Human life expectancy has increased significantly in the 21st century — a remarkable achievement, but also a great challenge. We recently spoke with Nancy Easterbrook, director of external affairs at the Stanford Center on Longevity, to garner her insights about the experience of living longer and the ways we can better prepare for and enjoy the later years of our lives.
Does your research identify ways that people are thriving as they age?
People are embracing ‘being young longer.’ Baby boomers are starting to get to that point when they’re saying, ‘I’m going to use my skills and go do something else when I retire.’ We call these ‘encore careers.’ There are so many more opportunities for work later in life.
We find in our research that when you study three groups of people in work groups — those in their 20s-30s, those in their 50s, and those in a mixed group of both ages, the mixed group is having the most success because it draws upon the strengths of each age bracket. People in their 50-60s have a wealth of information. Mixing what’s been here with new innovation becomes a successful formula for many businesses and organizations.
Also, as families live with multiple generations, grandparents may be spending more time with their grandchildren, which could result in increased social engagement that would positively impact life expectancy.
What can we can do to stay mentally sharp and physically healthy throughout our lifetimes?
To reiterate, social engagement is a key for mental health. We are currently studying the impact of technology, to see if it’s a hindrance, a help or of no consequence vis à vis social engagement. Additionally, having a purpose is important to mental health. People who keep working, because that’s their purpose, have a reason to get up and put their shoes on in the morning.
In terms of physical health, we are studying the impact of nutrition and physical mobility. Sedentary behavior, such as when you are on the computer, may be more detrimental to your health than smoking. Twenty years ago, jobs weren’t quite so sedentary. It has become more important to be aware of your physical activity throughout the day.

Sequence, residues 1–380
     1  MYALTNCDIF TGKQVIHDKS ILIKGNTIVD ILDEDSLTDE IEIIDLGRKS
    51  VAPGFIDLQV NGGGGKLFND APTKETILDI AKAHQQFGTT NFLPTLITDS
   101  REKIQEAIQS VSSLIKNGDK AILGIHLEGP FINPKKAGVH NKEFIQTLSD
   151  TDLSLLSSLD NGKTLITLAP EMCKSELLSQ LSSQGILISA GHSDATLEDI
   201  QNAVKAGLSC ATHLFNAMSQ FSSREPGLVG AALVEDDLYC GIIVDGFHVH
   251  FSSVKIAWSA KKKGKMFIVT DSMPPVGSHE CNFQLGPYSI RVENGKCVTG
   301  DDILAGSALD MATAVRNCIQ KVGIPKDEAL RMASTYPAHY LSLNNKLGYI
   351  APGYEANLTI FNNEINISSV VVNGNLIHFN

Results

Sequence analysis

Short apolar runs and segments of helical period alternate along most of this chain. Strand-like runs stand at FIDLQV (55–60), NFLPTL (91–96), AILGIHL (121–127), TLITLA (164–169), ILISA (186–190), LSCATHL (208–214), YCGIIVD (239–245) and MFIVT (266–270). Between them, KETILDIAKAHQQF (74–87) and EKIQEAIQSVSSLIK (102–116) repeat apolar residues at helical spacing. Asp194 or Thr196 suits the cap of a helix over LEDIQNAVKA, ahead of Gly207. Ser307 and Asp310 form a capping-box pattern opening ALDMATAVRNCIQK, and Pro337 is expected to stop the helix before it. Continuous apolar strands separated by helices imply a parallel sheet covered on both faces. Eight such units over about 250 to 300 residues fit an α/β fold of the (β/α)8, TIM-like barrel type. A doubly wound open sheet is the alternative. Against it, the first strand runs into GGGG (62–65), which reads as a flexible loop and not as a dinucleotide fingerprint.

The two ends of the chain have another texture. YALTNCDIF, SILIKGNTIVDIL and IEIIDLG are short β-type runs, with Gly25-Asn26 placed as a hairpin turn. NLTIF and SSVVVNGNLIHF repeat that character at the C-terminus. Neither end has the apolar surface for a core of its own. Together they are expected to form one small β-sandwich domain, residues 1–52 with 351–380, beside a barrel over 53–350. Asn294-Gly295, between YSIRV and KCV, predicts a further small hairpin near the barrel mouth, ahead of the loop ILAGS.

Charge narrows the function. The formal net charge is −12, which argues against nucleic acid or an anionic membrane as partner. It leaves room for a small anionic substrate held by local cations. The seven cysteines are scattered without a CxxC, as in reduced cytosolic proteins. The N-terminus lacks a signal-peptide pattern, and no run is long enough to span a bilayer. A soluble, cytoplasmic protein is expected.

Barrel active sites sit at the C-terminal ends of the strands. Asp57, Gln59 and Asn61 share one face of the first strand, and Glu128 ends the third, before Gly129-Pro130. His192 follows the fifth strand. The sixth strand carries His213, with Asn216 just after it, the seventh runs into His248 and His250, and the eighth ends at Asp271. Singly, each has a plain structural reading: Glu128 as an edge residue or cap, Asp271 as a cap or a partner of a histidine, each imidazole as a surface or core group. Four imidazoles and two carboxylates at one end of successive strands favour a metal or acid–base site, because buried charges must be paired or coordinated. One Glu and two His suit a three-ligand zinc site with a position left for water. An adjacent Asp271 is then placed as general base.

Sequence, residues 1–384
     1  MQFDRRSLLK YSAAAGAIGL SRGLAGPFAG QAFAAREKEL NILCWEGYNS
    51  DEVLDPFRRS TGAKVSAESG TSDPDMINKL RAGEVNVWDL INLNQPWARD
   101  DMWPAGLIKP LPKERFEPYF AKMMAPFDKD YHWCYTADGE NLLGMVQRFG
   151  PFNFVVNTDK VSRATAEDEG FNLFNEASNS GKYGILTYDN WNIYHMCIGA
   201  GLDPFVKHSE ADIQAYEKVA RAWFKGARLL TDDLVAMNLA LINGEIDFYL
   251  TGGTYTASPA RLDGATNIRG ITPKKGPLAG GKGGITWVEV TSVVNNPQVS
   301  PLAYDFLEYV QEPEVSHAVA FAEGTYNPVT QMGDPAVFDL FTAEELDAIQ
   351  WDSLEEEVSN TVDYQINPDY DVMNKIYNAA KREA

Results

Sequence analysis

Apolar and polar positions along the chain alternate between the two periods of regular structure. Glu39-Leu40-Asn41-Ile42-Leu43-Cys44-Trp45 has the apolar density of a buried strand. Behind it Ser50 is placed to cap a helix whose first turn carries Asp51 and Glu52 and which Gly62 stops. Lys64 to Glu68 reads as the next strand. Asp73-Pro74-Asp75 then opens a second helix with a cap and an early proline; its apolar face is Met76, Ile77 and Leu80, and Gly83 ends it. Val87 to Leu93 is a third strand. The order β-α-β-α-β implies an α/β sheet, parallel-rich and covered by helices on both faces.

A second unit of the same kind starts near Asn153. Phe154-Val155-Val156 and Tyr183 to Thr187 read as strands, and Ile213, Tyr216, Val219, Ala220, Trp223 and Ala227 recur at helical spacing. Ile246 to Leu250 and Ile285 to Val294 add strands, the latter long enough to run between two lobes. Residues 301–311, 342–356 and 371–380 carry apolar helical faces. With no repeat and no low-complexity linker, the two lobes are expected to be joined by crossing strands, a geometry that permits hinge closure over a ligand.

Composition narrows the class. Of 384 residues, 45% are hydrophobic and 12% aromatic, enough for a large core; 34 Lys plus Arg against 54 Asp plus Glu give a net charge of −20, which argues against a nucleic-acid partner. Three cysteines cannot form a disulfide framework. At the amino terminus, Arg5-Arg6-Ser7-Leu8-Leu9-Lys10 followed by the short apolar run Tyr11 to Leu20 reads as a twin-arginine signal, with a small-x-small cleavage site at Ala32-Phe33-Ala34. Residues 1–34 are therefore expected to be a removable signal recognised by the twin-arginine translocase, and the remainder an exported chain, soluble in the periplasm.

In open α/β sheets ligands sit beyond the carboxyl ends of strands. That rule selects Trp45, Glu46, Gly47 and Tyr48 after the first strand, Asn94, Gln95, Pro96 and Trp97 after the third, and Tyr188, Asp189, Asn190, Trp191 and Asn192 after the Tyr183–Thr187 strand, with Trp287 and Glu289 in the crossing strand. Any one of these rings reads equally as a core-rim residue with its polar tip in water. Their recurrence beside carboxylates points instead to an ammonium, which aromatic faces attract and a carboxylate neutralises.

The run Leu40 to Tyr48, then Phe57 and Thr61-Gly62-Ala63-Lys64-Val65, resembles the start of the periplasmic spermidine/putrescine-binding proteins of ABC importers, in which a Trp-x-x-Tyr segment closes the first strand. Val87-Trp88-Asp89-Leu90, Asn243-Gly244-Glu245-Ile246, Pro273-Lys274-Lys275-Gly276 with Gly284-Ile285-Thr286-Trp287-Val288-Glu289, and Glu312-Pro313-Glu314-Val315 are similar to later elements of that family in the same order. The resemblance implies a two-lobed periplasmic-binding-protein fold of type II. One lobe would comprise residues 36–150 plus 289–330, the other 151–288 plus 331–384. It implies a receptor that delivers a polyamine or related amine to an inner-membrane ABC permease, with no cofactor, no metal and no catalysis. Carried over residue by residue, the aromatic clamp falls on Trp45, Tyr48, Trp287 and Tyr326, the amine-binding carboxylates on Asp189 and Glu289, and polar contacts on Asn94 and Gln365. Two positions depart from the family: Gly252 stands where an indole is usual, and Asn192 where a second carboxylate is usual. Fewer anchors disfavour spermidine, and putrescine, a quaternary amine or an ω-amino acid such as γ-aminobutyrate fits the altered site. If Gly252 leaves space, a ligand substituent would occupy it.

Are there any other facets of health that you take into consideration when you’re thinking about longevity?
Hearing loss is a facet we’re looking at because it affects both your physical health and your mental health. Studies show that as you start to lose your hearing, you start to withdraw from social situations because you may feel that you can’t communicate well. We are even looking at younger generations, who have a higher rate of earbud use, because we are concerned about hearing damage occurring at potentially younger ages.
What is the greatest determinant of longevity?
Remarkably, your birth zip code is the biggest determinant. Zip codes are indicators of opportunities for education, housing, jobs, availability of nutritious food, places for physical activity and access to health care. Longevity is influenced by this network of factors and by the choices available to us in childhood and adulthood.
Your income will impact your longevity more than any other factor. Those who have the wherewithal to pay for that yoga class and to save for retirement are poised to live longer, and that schism between the richer vs. the poorer will just continue to get greater.
What’s the one take-away message we should all remember about longevity?
Rather than any one take-away, it’s really about all the choices we make along the way — as a child, teenager, young adult, adult, retiree. Each and every choice impacts your trajectory and how you live your life. Perhaps the best message is this: It’s okay to talk about life expectancy, and it’s even better to plan for it.
A longer version of this article originally appeared on BeWell Stanford.
Photo by Marion Michele